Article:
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  • Print publication year: 2020
  • Online publication date: May 2020

Chapter 18 - Ethical Challenges in Psychosurgery: A New Start or More of the Same?

from Part II - Neurosurgery-Specific Bioethics

Summary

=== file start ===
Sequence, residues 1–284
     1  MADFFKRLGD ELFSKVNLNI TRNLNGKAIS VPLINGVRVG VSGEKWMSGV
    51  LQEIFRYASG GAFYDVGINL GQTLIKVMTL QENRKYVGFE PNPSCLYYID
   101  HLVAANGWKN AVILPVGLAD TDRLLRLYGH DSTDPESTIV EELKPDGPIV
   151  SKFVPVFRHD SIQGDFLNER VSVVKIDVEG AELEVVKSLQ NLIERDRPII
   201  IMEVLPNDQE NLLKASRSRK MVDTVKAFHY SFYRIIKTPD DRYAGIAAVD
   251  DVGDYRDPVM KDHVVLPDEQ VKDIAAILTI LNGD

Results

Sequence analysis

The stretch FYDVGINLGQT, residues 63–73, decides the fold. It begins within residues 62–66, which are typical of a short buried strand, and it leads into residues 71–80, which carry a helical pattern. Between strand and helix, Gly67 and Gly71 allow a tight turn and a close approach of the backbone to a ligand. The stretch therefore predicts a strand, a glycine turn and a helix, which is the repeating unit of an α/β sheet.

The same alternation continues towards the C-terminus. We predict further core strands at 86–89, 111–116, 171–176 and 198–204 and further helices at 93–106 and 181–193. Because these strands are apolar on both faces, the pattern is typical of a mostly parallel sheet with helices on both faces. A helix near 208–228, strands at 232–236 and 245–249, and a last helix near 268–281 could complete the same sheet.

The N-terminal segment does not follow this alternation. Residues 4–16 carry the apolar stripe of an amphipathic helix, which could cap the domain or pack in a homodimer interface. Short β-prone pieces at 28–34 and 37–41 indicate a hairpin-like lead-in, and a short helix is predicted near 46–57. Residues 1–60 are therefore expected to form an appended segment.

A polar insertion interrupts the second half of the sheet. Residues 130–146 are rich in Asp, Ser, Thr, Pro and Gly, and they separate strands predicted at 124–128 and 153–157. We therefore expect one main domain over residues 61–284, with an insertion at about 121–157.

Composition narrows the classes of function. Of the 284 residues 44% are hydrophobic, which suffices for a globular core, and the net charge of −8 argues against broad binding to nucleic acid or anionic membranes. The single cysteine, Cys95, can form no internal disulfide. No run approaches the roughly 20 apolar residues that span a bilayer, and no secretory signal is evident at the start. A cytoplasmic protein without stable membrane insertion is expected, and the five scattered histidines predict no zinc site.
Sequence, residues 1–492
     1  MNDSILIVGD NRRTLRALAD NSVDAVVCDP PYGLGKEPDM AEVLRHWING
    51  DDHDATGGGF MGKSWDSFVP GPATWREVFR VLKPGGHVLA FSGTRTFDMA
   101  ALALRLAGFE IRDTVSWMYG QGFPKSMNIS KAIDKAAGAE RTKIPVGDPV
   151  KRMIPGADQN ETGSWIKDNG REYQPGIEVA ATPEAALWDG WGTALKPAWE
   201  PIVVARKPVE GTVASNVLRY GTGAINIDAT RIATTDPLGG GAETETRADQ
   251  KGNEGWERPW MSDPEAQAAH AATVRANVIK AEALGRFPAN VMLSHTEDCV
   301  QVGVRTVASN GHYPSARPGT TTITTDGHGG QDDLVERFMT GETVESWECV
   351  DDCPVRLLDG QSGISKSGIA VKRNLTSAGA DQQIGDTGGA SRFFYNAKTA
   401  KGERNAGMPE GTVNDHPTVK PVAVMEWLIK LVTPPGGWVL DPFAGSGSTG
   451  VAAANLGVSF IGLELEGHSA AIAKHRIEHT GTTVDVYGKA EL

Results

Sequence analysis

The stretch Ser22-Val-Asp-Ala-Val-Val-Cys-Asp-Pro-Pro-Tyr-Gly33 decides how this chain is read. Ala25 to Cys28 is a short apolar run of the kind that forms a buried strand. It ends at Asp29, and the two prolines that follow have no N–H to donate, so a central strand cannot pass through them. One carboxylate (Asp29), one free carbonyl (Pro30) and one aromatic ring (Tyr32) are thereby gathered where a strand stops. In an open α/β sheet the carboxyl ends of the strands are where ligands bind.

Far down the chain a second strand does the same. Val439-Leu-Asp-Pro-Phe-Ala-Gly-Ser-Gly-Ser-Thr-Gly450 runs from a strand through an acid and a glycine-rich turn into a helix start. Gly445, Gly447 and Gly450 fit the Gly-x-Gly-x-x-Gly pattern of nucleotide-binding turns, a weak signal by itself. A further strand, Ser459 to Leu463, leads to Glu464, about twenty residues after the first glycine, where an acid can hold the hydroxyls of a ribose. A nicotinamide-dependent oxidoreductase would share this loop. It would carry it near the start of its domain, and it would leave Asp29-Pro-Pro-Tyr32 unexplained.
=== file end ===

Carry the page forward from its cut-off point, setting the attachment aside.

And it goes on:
There has been a resurgence in the practice of psychosurgery in the last decade primarily for depression and obsessive compulsive disorder. This is due to the application of deep brain stimulation (which has largely replaced lesioning) and to a greater understanding of the imaging correlates of mental illness. Psychosurgery is expanding well beyond these indications. Many ethical challenges arise, including informed consent, establishing the efficacy of these procedures from the literature and in the design of new studies, the harm versus benefit ratio, and the role of institutional and governmental regulatory control over psychosurgery. Psychosurgery remains experimental or at least investigational and the ethical considerations should be of prime importance for any practitioner undertaking this surgery. We propose eighteen principles as a basis for a regulatory framework of psychosurgery. Neurosurgeons who perform psychosurgery have an immense responsibility to guard against a repeat of the failures of the past.

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